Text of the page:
The Climate, Community & Biodiversity Standards
Currently active program focusing on co-benefits in biosequestration projects, including REDD (as of 1/2011).
Market Size and Scope
Offset Project Eligibility
Additionality Requirements and Project Methodologies
Project Approval Process
Type of Standard and Context
The Climate, Community & Biodiversity Standards (CCB Standards) is a project design standard that offers rules and guidance for project design and development. It is intended to be applied early on during a project’s design phase to ensure robust project design and local community and biodiversity benefits. It does not verify quantified carbon offsets nor does it provide a registry. The CCB Standards focuses exclusively on land-based bio-sequestration and mitigation projects and requires social and environmental benefits from such projects.
The CCB Standards was developed by the Climate, Community and Biodiversity Alliance (CCBA) with feedback and suggestions from independent experts. CCBA is a partnership of non-governmental organizations, corporations and research institutes. The first edition was released in May 2005 and the Second Edition in December 2008.
Standard Authority and Administrative Bodies
CCB Alliance is formed by representatives from each member organization. The member organisations are: CARE, Conservation International, The Nature Conservancy, Rainforest Alliance, and theWildlife Conservation Society. The Alliance makes decisions about changes to the standards and the rules for their use. It also produces additional guidelines to aid interpretation and application of the standards as needed.
Working groups are comprised of alliance members and external advisors, and are appointed when needed to address specific issues. Working group proposals for changes must be approved by the Alliance.
Advising institutions: Three international institutions helped revise the Standards based on public comments and field-testing:
Centro Agronomico Tropical de Investigacion y Ensanansa (CATIE), The World Agroforestry Center (ICRAF),
Center for International Forestry Research (CIFOR)
Third-party auditors:CCB validations and verifications must be performed by an environmental auditing company with one of the following qualifications:
- Accreditation as a “Designated Operational Entity” for the sectoral scope “Afforestation and Reforestation” with the CDM Executive Board;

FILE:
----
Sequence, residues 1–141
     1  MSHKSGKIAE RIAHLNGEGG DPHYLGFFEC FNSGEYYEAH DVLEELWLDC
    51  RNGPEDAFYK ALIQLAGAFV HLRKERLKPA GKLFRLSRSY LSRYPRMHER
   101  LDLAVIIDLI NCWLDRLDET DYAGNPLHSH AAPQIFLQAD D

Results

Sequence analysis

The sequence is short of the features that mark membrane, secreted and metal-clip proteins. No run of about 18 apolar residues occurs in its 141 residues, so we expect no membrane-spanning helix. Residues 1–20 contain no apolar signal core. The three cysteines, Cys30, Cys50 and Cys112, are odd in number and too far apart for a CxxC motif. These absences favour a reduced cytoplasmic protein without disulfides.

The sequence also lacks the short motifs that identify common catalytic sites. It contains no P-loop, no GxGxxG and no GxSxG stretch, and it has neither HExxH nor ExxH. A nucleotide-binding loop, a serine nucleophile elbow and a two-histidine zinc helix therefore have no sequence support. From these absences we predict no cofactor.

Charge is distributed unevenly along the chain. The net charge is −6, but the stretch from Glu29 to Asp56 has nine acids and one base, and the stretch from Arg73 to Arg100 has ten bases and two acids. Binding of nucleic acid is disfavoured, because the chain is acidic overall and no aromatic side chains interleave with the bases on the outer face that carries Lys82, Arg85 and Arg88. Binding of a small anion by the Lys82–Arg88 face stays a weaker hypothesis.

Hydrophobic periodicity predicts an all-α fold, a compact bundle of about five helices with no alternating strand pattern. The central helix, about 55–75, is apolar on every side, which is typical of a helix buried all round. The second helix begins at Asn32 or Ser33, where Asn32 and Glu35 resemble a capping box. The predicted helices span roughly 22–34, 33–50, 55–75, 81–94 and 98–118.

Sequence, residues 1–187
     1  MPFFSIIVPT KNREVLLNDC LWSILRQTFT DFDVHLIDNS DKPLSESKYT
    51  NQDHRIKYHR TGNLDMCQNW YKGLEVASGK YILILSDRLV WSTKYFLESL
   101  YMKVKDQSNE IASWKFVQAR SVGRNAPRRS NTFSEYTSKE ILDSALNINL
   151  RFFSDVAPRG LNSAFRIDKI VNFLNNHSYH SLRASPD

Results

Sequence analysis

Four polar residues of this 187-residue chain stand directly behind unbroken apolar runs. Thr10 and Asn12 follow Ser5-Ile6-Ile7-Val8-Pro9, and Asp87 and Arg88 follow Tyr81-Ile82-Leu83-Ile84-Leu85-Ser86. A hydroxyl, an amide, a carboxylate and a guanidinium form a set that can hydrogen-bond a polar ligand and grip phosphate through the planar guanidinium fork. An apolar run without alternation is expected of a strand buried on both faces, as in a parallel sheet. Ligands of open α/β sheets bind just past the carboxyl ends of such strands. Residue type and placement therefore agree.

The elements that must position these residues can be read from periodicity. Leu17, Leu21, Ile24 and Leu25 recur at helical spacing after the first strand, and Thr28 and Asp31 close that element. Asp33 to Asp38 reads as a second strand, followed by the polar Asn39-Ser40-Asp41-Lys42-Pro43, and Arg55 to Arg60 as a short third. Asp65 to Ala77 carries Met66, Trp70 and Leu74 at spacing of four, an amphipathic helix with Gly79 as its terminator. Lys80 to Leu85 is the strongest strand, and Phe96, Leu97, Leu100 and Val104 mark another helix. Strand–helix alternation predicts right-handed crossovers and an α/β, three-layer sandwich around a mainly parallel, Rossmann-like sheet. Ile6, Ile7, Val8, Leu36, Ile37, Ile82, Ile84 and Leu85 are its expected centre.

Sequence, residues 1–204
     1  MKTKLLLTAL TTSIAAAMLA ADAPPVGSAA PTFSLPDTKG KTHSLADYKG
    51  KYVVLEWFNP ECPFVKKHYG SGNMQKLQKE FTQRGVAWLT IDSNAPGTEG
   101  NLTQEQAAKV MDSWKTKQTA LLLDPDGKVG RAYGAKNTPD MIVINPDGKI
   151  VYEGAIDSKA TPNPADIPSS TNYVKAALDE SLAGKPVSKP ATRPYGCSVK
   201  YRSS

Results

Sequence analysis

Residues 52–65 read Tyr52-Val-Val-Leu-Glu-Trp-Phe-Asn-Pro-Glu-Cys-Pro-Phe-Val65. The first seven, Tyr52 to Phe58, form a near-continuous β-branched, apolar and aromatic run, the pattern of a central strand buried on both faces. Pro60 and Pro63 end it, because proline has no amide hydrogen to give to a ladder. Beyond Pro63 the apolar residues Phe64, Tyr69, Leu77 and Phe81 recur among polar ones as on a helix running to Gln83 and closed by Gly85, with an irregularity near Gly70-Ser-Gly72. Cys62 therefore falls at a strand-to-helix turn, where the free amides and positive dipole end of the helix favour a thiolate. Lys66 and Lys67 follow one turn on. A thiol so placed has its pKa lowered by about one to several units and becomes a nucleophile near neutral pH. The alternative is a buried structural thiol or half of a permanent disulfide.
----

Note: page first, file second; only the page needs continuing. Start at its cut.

- Accreditation as a Certification Body for sustainable forest management audits under the Forest Stewardship Council (FSC) in the geographical area of the project to be evaluated; or
- Accreditation under ISO 14065:2007 with an accreditation scope specifically for the Verified Carbon Standard (VCS) Program covering Agriculture, Forestry or Other Land Use.
For a list of CCB approved auditors go here.
Projects using CCB Standards are worldwide.
Recognition of Other Standards/ Linkage with Other Trading Systems
Since the CCB Standards is focused on social and environmental impact and does not include a mechanism for generating emissions reductions certificates, it is recommended that it is used in conjunction with a carbon accounting standard such as the VCS or the CDM. .
Tradable Unit and Pricing Information
The CCBS is not a carbon accounting standard and does not issue or register carbon credits (see ‘recognition of other standards’).
The 2010 State of the Voluntary Carbon Market reports average prices of USD 5.8.
Some CCB Standards projects sell ex-ante credits. Ex-ante offsets are offsets that will occur in the future, ex-post offsets are emissions reductions that have already occurred and usually have been verified by an auditor.
VER buyers: companies and institutions
Current Project Portfolio
As of January 2011, the CCB Standards website listed 32 projects with approved validation and 19 in the validation process. 10 of the projects are located in Annex 1 countries such as the US, Canada and Australia. All other projects are in developing (in non-Annex 1 countries).
The CCB Standards can be applied to any land-based carbon projects including both projects that reduce greenhouse gas emissions through avoided deforestation and forest degradation (REDD) and projects that remove carbon dioxide by sequestering carbon (eg., reforestation, afforestation, revegetation, forest restoration, agroforestry and sustainable agriculture). Projects must deliver net positive benefits to local communities and biodiversity.